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      1. LSD 49 | USS HARPERS FERRY

        LSD 49

        Namesake:

        Harper's Ferry, WV

        Harpers Ferry is a small, residential town (population 423) and tourist center in the northeastern corner of West Virginia. Nestled in the Blue Ridge Mountains at the confluence of the Potomac and Shenandoah Rivers, Harpers Ferry is known for its scenic beauty and historic significance. Harpers Ferry has forever entrenched itself in the "American Story" as a place where brave men and women lived, fought, and died for their ideals.

        Settled in 1732, Harpers Ferry is named for Robert Harper, who in 1747 began to operate a ferry across the Potomac River there. In 1796 President George Washington selected Harpers Ferry as the site for a new United States Arsenal and Armory. Many of the rifles used in the War of 1812 and American Civil War were manufactured at this armory. The armory also made the town of Harpers Ferry a logistically strategic location during the Civil War; coveted by both the North and South.

        During the Civil War, Harpers Ferry changed hands between the Union and Confederacy several times, spilling much American blood on its rocky soil. In September 1862, Harpers Ferry's capture by the South provided General Robert E. Lee with a launching point for the Confederate invasion of Maryland, which ended in the bloody battle of Antietam.

        What the town is probably most famous for though, is John Brown's failed raid on the Harpers Ferry Armory. John Brown, called Old Brown of Osawatomie (1800-1859), was one of America's most famed abolitionists. Brown's attempts to end slavery by force greatly increased tension between North and South in the period before the American Civil War.

        Brown was born on May 9, 1800, in Torrington, Connecticut. His family moved to Ohio when he was five-years-old. John Brown acquired a hatred of slavery that marked his subsequent career, with his father having been actively hostile to the institution. John Brown initiated a project among sympathetic abolitionists to educate young blacks in Pennsylvania, where he was then living. The next 20 years of his life were largely dedicated to this and similar abolitionist ventures.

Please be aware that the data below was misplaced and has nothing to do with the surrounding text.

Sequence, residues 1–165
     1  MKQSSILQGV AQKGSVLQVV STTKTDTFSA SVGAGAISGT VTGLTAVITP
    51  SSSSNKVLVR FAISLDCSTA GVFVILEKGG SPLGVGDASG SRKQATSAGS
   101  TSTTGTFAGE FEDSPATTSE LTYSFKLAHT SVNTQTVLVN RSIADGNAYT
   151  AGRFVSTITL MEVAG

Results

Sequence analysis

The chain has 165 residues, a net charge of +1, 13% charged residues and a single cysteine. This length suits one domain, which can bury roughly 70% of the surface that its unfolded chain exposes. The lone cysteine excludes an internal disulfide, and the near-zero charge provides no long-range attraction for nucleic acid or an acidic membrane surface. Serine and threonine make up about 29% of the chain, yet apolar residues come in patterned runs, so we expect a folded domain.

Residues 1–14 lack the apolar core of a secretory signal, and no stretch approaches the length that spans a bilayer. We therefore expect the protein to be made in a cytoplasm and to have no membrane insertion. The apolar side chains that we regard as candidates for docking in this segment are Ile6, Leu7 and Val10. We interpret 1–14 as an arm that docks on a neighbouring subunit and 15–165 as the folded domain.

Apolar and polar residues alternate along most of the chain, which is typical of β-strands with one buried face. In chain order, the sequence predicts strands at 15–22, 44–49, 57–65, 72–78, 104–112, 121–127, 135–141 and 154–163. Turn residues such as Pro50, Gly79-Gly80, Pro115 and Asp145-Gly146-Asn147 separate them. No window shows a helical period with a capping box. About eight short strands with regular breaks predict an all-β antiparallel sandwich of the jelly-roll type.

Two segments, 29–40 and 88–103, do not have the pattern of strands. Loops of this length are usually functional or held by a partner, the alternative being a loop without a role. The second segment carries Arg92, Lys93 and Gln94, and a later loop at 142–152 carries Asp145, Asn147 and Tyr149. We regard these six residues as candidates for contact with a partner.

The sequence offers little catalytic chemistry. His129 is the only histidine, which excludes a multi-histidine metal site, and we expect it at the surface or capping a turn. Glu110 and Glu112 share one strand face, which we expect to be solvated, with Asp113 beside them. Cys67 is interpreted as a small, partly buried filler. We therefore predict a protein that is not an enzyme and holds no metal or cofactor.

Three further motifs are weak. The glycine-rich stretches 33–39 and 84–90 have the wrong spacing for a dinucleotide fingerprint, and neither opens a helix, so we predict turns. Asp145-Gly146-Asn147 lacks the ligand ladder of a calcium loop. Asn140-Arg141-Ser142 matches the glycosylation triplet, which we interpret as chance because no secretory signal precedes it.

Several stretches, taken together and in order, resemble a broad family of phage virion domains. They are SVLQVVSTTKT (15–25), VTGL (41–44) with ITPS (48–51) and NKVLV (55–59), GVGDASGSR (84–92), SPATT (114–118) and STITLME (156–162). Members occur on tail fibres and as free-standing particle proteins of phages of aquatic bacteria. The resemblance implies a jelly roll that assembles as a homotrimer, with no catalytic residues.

Aided by increased financial support from abolitionists in the northeastern states, Brown began in 1857 to formulate a plan, which he had long entertained, to free the slaves by armed force. He secretly recruited a small band of supporters for this project, which included the establishment of a refuge for fugitive slaves in the mountains of Virginia. After several setbacks, he finally launched the venture on October 16, 1859, with a force of 18 men (including several of his sons), seizing the U.S. Arsenal at Harpers Ferry, and winning control of the town.

        After his initial success he made no attempt at offensive action, but instead occupied defensive positions within the arsenal. His force was soon surrounded by the local militia, which was reinforced on October 17 by a company of U.S. Marines under the command of Colonel Robert E. Lee. Ten of Brown's men, including two of his sons, were killed in the ensuing battle, and he was wounded and forced to capitulate. He was arrested and charged with various crimes, including treason and murder. Convicted, he was hanged on December 2, 1859 at Charlestown, West Virginia.

        Today Harpers Ferry is hardly the torrid site of bloodshed and struggle it was in the 19th century. Harpers Ferry is now a National Historical Park, visited by thousands of tourists every year. The town includes many old structures restored as museums and shops. Harpers Ferry is also home to several buildings of Storer College, a Freedman's Bureau School opened in 1867 to educate former slaves.

        Historical Notes:


        Not yet available

        Ship's Crest:

        Supporters:The Navy and Marine Corps officer's swords reflect the ship's mission and are crossed to denote cooperation, teamwork, and strength.

        The Shield: Dark blue and gold are the colors traditionally associated with the Navy and symbolize the sea and the excellence. Red and gold are the traditional Marine Corps colors. The chevron denotes movement, symbolizing the delivery ashore of ground troops. The battle axe denotes strength and battle readiness, has two cutting edges to allude to the prowess of both HARPERS FERRY and the Marines she will land.

        The Crest: The ship wheel and the fountain, heraldic symbols for the water, refer to worldwide capabilities and transportation while highlighting the location and importance of the town of Harpers Ferry, West Virginia, the ship's namesake. The muskets, from the Civil War era indicate both the past and present Harpers Ferry, while alluding to the history of the town.

        Motto: "First in Freedom"

        PHOTOS

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